Grout the tile. Mix up a batch of grout and let it rest for 5 to 7 minutes. Lightly wet the area you’ll be grouting with a damp sponge and dump a bit of grout onto the area. Use a rubber float to smooth it into the joints, attacking each joint at a diagonal angle. After 30-40 minutes (check the directions on the bag of grout) you want to wipe the excess grout with a damp sponge and a circular motion.
Keep wiping with a clean sponge until the tile is clear. The tiles may look a bit hazy even after wiping, so you may have to buff them with a clean sponge to get rid of this haze. Let the grout cure for approximately 3 days before sealing. Then, seal the grout. Run a thin bead of liquid grout or aerosol grout sealer onto the grout line and wipe away.
Let dry and then test its water resistance by dropping water onto the sealed grout. Correctly sealed grout will cause the water to bead up on top of it. Caulk any needed areas. Make sure to use a grout caulk to match the colors. As you caulk, remember to pull the caulk gun relatively quickly across the joint.
Most amateurs caulk too slow and end up dropping too much caulk down on the joint. Other things to remember: Keep the tip angled as you run the bead along the joint. Match the speed with which you pull the caulk gun trigger with the rate at which you pull the gun along the joint. You don’t want to be pulling the gun fast but triggering slowly, or vice versa.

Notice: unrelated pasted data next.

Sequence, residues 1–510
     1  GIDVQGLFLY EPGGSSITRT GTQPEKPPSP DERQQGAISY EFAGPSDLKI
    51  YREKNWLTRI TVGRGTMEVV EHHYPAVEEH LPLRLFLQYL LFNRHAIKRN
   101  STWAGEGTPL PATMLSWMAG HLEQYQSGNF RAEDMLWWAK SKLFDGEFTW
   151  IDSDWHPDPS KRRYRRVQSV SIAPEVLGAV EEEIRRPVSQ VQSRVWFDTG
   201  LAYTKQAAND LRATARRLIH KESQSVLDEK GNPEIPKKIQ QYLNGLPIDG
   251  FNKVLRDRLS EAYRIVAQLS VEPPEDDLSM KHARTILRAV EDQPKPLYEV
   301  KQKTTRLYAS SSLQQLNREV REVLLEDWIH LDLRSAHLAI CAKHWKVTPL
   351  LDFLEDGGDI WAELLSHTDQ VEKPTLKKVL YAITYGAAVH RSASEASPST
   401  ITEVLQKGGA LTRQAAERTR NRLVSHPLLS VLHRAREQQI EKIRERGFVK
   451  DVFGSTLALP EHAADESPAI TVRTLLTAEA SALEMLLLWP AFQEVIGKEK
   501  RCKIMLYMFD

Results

After applying the bead of caulk, “bed” it by running a damp finger across the bead with light pressure. Make sure that your grout chalk matches the grout. Let the caulk dry and redo it if you are not happy with the results. Let the tile set for 48 hours. This will make sure that the mortar has adhered properly to both the tile backing and the cement board backer.